Global Fund Hails Launch of Africa Health Workforce Investment Charter

06 May 2024

WINDHOEK – The Global Fund to Fight AIDS, Tuberculosis and Malaria (the Global Fund), warmly welcomes the launch of the Africa Health Workforce Investment Charter, which was signed today in Windhoek, Namibia, at the Africa Health Workforce Investment Forum.

The African continent bears a quarter of the global disease burden and endures over 100 health emergencies a year. Yet half of the global shortage in health workers affects the continent, which has only 4% of the global workforce. To date, 1 in 3 qualified health workers in Africa is unemployed or underemployed, given challenging macro-economic contexts, imbalances in health labor markets, unfavorable working conditions in health, and safeguarding and security risks. The World Health Organization (WHO) forecasts that its African Region (47 countries) will face an estimated shortfall of 5.3 million health workers by 2030.

The Charter – developed by WHO in collaboration with African Member States, the Global Fund and other partners – sets out core principles aimed at stimulating and aligning sustainable long-term investment in health workforce education and employment creation around a common national investment plan, rooted in solid analysis like the health labor market analysis. This will reduce duplication and potential inefficiencies, and, in turn, help mobilize additional resources countries need to progress towards universal health coverage and the delivery of an essential health package. The main objective is to cut health worker shortages by half in African countries by 2030.

“The launch of the Africa Health Workforce Investment Charter is a significant milestone for the African continent and for all investors in the health workforce, and we are proud to have supported its development and signed it,” said Shunsuke Mabuchi, Head of Resilient and Sustainable Systems for Health and Pandemic Preparedness and Response at the Global Fund. “We commend our partners’ strong endorsement of the health workforce principles and actions enshrined in the Charter, and we look forward to supporting its implementation.”

The Global Fund has consistently invested in human resources for health (HRH), with funding allocated to this area representing the largest share of health and community systems investments across funding cycles. Over the 2024-2026 period, the Global Fund is investing US$1.9 billion in HRH – including US$1.3 billion in Africa, with almost 60% of this amount allocated to the remuneration of the health workforce. This support spans different areas that are aligned to country strategies and plans. We are currently supporting 16 African countries to advance HRH strategic planning processes and dialogue to progressively shift from vertical HRH support to integrated workforce planning, with a focus on primary health care workforce development. This also includes support and engagement in health labor market analysis and other HRH analyses. Our support to education in Africa, including pre-service training, reached US$12 million in the current cycle, a major area of growth compared to the previous cycles. We are supporting innovative ways to deliver workforce training and development, promoting digitalization, rationalization and accreditation training courses.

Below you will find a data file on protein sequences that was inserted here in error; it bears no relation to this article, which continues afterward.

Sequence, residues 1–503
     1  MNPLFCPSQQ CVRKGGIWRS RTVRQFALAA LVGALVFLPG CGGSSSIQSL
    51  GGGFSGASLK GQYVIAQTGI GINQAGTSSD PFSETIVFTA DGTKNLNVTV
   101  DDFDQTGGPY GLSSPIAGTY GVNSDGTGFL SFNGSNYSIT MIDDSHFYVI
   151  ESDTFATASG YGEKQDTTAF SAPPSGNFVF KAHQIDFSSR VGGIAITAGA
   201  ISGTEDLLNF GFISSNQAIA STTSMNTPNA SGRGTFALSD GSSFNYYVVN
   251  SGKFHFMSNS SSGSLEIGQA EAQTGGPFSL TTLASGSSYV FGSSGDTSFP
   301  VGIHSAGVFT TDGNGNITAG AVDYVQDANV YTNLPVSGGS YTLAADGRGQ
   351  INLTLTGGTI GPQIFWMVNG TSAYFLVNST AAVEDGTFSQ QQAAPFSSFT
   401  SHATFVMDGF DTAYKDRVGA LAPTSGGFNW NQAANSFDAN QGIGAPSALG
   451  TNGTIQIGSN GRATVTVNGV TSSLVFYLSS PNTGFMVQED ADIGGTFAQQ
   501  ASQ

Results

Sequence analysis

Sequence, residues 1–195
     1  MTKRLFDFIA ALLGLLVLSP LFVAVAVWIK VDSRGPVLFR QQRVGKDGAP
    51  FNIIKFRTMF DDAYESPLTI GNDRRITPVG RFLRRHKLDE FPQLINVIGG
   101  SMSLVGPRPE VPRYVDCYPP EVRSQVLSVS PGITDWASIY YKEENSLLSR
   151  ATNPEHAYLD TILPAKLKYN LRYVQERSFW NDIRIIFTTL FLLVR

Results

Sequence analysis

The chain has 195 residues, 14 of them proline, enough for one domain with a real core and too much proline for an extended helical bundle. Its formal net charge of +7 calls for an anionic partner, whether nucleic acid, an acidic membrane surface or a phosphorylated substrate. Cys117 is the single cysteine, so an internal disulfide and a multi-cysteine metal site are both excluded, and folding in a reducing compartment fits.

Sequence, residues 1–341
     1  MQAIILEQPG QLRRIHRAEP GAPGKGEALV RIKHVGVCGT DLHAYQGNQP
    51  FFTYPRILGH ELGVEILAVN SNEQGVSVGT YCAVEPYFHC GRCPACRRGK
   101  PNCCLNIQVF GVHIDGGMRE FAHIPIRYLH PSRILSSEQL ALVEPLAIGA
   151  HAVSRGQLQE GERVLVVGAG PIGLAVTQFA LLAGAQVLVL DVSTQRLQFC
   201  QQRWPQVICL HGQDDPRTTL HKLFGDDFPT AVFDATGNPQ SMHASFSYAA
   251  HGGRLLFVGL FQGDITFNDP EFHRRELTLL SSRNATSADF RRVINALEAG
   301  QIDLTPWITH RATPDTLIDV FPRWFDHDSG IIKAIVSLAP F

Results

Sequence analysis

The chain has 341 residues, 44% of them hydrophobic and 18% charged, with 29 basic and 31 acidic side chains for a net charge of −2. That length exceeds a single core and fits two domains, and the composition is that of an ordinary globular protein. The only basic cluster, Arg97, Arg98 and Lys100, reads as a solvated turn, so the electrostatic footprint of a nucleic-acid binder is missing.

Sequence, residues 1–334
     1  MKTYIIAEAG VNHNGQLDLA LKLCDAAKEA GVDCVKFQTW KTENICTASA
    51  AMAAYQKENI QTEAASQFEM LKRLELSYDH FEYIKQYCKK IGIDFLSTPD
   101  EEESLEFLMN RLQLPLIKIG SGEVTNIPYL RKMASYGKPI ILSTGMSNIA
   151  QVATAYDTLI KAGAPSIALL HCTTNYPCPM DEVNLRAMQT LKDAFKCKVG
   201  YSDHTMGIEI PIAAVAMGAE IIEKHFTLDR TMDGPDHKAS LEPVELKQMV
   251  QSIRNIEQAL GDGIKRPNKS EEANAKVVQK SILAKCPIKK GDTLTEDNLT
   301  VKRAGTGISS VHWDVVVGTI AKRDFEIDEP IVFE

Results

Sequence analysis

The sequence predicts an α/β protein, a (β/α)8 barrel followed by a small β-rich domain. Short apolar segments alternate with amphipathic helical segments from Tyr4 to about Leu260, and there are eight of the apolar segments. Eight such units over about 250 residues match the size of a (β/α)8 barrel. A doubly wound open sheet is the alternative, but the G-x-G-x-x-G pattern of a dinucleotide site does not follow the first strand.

In the current 2024-2026 period, about half of the Global Fund’s total investments in HRH in Africa – US$634 million – specifically support community health workers. This represents 70% of the global investment in community health workers. Aligned with national plans, these investments enable community health workers to be trained, remunerated, equipped, supervised, counted and protected, and to be fully integrated in primary health care teams. We also provide funding for advocacy efforts aimed at securing legal protection and recognition for community health workers, with the goal of ensuring they receive the appropriate pay and working conditions they deserve.

The Global Fund supports the Monrovia Call to Action, which advocates for the professionalization of community health workers, and the Lusaka Agenda, which calls for more investments to strengthen resilient health systems, including at the community level.


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